Voucherising education to benefit low income communities
In the 2016-2017 World Economic Forum Global Competitiveness Report, South Africa’s primary education system was rated 126th out of 138 countries. It gets even more depressing when you dig a little deeper.
Education NGO, Equal Education, claims that when you adjust the matric pass rate for dropouts it falls from 75.1% to 39.25%. Of the 1,022,853 grade 2’s who should have written matric in 2017, only 629,155 registered for matric (that is a 38.49% dropout rate). When you factor in that only 534,484 pupils passed, it lifts the dropout rate to an abysmal 47.75%.
The picture gets even worse. According to University of Stellenbosch researcher Nic Spaull, between 2010 and 2017, per pupil spend fell 8% from R17,822 to R16,435 per annum (a still sizable amount) while teacher salaries rose 57% compared with a 38% increase in the consumer price index. With that said, consolidated government spending on education is set to increase by an annual growth rate of 6.8% between the financial years of 2018/19 (from R246.760bn) through 2020/21 (to R281.987bn).
I believe a number of conclusions can be drawn from this data that build the case for voucherising education, or at least, having education savings accounts that will benefit low income households. The first and most obvious conclusion is that the public education system is failing. The public schools that are failing the most are those outside of affluent areas. The system failure mostly affects children of low income households and perpetuates generational poverty.
The per pupil spend of R16,435 per year is comparable to what a parent would pay to send their child to an intermediate low fee school such as the high achieving Spark Schools, which in 2019 would charge a discounted fee(all in including stationery) of R21,300 per year; fees that would be reachable not only because arguably scale would help bring them down, but also because government could set a framework that weighted vouchers according to a number of factors, including but not limited to students with special needs, students in rural areas, students in areas with a low human development index and students who live in an area with a low median/household income.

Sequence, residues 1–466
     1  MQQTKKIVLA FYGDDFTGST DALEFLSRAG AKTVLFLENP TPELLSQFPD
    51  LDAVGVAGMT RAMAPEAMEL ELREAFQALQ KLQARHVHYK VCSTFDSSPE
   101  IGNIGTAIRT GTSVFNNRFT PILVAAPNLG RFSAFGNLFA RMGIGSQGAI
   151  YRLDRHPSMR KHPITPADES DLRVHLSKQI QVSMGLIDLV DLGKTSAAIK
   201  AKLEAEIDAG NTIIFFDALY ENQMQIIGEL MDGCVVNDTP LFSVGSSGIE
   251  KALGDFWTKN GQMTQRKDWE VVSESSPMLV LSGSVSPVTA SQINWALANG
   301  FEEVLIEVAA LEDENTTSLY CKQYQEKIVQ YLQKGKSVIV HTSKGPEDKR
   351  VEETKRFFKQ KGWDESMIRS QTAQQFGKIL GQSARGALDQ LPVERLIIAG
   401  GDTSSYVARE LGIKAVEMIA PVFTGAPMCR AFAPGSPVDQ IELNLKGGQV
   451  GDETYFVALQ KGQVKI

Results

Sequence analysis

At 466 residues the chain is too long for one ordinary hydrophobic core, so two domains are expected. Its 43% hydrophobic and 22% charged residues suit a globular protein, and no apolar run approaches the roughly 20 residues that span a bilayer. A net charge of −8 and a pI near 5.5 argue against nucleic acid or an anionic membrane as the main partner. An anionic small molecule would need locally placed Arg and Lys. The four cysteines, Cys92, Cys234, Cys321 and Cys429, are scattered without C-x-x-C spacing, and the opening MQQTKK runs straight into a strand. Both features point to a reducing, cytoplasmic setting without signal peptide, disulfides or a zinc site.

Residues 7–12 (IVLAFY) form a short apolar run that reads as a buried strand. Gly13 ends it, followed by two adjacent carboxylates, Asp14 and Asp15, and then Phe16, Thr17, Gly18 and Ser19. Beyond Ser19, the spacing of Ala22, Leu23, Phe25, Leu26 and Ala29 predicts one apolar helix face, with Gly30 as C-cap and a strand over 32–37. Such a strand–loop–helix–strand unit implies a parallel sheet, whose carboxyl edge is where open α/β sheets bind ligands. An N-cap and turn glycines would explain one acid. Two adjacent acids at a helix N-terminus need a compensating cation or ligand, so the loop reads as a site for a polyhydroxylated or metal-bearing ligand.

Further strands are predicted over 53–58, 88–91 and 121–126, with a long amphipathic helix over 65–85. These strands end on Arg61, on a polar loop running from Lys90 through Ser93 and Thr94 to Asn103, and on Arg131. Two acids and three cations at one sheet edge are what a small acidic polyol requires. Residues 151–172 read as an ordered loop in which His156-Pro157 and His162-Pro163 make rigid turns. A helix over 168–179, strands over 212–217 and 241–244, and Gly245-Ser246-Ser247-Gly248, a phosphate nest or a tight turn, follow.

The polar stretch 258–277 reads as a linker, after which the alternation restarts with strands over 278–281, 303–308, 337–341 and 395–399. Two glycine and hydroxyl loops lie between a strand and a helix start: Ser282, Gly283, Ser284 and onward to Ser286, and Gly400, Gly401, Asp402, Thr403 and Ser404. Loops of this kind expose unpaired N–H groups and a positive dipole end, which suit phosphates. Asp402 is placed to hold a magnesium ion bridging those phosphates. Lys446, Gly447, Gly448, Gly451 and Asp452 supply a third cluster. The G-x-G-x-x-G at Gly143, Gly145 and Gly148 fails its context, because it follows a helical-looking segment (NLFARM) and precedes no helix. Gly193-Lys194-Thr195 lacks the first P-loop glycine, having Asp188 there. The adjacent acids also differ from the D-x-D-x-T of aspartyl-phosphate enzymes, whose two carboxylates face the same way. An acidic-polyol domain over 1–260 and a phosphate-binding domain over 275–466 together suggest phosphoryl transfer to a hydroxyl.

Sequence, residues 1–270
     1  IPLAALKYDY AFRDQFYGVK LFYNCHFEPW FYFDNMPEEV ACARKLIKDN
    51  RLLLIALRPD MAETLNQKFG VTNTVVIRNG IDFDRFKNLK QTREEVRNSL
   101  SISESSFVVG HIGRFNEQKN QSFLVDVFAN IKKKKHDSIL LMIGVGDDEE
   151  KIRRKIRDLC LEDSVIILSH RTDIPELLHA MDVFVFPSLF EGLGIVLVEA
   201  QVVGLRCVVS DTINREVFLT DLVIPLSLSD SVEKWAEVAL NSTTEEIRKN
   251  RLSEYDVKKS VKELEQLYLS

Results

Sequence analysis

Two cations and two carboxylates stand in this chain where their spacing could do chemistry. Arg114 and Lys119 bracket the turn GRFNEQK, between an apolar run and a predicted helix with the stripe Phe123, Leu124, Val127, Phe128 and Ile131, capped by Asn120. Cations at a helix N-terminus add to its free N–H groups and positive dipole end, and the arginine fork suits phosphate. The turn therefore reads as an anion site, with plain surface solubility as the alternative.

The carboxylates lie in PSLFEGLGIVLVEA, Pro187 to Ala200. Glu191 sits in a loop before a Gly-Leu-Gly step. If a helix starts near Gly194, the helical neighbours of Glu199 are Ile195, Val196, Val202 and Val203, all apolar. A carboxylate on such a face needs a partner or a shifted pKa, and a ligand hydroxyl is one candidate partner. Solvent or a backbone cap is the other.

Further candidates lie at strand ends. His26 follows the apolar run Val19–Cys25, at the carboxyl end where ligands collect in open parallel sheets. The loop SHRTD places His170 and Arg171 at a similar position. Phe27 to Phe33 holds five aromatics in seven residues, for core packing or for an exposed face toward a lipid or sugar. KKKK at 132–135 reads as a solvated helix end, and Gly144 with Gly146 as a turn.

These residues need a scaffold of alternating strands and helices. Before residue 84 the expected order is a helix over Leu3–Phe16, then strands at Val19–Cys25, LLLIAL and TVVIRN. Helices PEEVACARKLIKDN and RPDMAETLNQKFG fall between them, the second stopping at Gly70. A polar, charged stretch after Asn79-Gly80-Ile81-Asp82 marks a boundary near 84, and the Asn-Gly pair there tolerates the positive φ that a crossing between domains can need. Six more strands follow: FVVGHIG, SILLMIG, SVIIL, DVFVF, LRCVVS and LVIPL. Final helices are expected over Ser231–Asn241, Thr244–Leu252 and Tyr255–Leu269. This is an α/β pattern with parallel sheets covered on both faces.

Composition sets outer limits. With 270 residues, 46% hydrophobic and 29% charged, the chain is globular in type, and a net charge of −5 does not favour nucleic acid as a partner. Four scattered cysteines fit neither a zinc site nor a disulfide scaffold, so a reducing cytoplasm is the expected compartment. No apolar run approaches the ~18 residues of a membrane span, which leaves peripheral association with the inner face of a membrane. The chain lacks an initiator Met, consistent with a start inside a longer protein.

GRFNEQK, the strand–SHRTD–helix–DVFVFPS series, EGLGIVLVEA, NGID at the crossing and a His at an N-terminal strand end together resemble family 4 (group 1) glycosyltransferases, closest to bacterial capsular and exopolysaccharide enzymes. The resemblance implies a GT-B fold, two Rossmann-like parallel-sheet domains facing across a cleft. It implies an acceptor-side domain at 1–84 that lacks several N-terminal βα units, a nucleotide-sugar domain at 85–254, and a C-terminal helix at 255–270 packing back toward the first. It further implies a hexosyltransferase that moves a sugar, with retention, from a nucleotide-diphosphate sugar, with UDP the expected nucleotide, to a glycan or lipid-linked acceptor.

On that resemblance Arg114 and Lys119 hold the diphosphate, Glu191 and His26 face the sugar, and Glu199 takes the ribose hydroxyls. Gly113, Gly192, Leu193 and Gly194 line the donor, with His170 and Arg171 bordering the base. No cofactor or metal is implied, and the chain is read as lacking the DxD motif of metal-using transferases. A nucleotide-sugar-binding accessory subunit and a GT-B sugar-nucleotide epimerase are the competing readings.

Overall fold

This framework would establish a coherent way of assessing the needs of students in certain areas and tie a money value to that so that a higher “minimum” standard of education could be purchased. Tools and systems could be developed so that civil society, the public at large, and even parents could keep schools accountable.
School choice for working class and poor parents would be a good thing because, make no mistake, education and all its related factors are deeply ideological. Giving poor and working-class parents a vested interest in their child’s education and giving them the freedom to send their child to another school if they so wish is essential not only in adding another layer of accountability (parents know what their children need) but in also giving low income South Africans a sense of freedom and dignity. This should not be under-played when discussing school vouchers.
There will, of course, be objectors who, from an ideological viewpoint, will say that it is government’s constitutional mandate to meet their obligation to provide a basic education to which we would reply yes but with the addition that in April 2013, the Constitutional Court found that the right to basic education applies to all children whether in public or independent schools. In other words, government would still fulfil its constitutional mandate of giving access to all children (via vouchers) but the delivery would be left up to the market, to independent schools.